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C.D. Warner, et al., comp.
The Library of the World’s Best Literature. An Anthology in Thirty Volumes. 1917.

Ernst Theodor Wilhelm Hoffmann (1776–1822)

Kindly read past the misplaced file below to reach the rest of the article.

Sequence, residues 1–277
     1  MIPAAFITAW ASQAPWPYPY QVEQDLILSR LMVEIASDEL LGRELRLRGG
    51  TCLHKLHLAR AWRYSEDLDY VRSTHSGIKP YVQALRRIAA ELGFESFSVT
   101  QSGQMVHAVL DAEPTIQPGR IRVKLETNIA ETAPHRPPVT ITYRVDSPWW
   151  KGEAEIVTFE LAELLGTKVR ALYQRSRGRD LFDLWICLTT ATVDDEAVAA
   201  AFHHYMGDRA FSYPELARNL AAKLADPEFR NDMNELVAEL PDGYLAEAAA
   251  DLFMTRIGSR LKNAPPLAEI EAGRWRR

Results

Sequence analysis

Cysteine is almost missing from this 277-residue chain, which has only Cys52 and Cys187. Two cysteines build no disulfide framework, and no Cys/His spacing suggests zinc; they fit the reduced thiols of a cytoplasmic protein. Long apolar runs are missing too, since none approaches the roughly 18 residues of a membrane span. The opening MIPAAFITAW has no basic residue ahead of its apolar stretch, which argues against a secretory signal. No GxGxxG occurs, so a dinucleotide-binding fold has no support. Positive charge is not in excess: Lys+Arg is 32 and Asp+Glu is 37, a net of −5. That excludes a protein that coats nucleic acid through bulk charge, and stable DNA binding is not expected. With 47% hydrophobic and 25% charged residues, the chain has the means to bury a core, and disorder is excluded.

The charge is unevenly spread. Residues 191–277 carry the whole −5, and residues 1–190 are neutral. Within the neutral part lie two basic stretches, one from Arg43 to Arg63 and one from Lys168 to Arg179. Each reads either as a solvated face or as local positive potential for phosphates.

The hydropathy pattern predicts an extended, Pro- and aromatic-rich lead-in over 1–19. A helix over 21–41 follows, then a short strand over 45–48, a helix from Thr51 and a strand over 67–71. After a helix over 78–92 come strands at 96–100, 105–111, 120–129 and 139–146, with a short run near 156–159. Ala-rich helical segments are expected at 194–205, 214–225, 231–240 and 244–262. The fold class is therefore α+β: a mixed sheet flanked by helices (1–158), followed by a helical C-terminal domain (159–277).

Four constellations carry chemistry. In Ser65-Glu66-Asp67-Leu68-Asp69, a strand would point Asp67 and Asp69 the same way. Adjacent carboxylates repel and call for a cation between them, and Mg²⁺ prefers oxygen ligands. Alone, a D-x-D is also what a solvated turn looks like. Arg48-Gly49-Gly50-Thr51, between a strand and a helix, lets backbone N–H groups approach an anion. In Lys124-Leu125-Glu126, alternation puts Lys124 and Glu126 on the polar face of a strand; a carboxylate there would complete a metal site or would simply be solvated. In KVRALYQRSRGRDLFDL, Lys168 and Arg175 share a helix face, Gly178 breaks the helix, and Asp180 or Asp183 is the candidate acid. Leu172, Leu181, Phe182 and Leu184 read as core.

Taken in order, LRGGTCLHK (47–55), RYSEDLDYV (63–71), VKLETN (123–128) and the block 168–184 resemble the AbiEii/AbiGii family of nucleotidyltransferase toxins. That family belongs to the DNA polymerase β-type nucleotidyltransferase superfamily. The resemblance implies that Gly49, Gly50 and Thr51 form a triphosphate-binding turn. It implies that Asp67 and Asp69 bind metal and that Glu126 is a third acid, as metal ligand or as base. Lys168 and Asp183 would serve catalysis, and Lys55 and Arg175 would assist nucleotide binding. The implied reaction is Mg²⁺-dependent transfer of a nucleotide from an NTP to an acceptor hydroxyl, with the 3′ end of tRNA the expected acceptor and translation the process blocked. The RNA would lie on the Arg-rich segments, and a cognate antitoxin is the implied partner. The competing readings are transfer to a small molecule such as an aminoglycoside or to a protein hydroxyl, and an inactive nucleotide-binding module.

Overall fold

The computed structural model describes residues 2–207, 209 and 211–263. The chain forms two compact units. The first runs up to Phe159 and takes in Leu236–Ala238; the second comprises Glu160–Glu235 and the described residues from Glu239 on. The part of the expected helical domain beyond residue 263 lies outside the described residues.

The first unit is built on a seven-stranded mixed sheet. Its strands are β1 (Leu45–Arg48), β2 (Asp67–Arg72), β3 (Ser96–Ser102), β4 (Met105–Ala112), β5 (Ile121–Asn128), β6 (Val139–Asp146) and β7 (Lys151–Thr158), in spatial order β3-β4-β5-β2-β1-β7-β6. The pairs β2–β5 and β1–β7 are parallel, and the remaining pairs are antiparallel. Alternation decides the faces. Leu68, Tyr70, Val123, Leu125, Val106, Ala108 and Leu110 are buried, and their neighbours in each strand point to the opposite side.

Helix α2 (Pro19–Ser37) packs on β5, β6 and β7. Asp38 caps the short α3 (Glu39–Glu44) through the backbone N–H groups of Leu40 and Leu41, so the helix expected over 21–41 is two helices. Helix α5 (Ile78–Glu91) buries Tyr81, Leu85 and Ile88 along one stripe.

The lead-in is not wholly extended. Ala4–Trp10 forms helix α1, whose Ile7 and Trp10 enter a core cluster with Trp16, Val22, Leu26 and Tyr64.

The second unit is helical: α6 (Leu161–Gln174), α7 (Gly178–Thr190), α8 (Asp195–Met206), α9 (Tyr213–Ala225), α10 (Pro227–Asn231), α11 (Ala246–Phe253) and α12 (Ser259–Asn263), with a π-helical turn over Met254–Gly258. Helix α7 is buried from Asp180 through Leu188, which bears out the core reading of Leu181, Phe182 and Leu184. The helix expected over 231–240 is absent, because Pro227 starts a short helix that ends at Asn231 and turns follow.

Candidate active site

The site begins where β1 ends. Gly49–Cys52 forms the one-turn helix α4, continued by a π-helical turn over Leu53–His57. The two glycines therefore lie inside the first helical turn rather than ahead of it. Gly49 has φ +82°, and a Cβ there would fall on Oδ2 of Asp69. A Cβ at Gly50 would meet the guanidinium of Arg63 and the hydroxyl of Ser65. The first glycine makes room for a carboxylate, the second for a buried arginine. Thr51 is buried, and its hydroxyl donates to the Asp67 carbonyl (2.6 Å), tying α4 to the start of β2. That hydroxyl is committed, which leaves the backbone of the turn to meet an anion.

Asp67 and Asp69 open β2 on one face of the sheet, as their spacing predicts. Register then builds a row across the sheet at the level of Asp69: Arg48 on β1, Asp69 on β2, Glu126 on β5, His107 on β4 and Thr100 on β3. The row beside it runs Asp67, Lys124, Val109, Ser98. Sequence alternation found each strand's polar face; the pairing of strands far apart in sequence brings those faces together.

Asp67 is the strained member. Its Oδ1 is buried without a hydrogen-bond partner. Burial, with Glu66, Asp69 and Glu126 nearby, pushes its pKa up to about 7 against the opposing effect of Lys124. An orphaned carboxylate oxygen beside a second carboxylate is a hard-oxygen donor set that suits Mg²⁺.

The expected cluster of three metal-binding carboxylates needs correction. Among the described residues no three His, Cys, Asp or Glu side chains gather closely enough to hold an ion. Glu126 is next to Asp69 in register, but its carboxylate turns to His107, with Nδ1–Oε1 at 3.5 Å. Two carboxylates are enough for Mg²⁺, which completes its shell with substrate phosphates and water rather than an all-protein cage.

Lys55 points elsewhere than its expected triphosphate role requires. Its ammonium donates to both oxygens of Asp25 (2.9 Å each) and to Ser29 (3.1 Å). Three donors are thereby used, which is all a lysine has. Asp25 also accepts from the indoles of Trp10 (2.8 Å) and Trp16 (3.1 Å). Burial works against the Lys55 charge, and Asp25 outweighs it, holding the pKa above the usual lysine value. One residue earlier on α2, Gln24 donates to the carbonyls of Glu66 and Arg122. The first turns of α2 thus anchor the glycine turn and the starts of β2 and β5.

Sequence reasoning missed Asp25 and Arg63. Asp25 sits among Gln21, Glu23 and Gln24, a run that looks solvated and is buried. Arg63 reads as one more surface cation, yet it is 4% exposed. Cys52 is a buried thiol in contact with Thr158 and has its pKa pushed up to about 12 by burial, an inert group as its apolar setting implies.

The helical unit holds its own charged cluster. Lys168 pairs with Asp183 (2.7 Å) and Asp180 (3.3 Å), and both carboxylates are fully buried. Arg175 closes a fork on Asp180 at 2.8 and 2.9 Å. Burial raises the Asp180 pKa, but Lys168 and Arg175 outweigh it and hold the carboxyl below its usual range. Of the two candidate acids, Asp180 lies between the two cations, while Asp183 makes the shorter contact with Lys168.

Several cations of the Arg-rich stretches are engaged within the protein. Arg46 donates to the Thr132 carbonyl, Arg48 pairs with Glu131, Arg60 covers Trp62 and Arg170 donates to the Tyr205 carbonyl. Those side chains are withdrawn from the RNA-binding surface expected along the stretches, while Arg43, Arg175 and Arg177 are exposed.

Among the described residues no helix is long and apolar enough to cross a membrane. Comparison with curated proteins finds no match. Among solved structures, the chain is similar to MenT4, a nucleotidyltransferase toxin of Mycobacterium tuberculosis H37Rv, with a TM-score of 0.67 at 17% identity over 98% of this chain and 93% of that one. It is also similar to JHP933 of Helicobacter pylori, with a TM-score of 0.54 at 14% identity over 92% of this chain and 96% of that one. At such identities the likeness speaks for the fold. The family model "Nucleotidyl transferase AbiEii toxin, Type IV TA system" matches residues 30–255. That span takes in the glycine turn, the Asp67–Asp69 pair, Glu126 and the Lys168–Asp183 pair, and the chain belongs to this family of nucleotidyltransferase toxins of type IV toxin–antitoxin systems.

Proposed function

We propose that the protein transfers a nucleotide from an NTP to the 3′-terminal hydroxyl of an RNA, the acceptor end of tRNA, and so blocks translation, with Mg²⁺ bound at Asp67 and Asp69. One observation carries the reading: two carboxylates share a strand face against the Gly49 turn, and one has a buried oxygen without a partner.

Hoffmann, Ernest Theodor Amadeus (originally Wilhelm). One of the most original of German story-tellers; born at Königsberg, Prussia, Jan. 24, 1776; died in Berlin, 1822. He led an irregular, dissipated life; ranging at different times from councilor in the Supreme Court at Posen,—where his cleverness at caricature led to his dismissal,—musical conductor at Warsaw, and scene painter. In 1816, having secured a clerical appointment at Berlin, he settled down to a quiet life, but weakened by the excesses of his early career, died in 1822. The magic and demoniac element pervades the majority of his works, among which may be mentioned: ‘The Devil’s Elixir’ (1816); ‘Night Pieces’ (1817); ‘Fantastic Pieces in Callot’s Manner’; ‘The Brothers of Serapion.’ (See Critical and Biographical Introduction).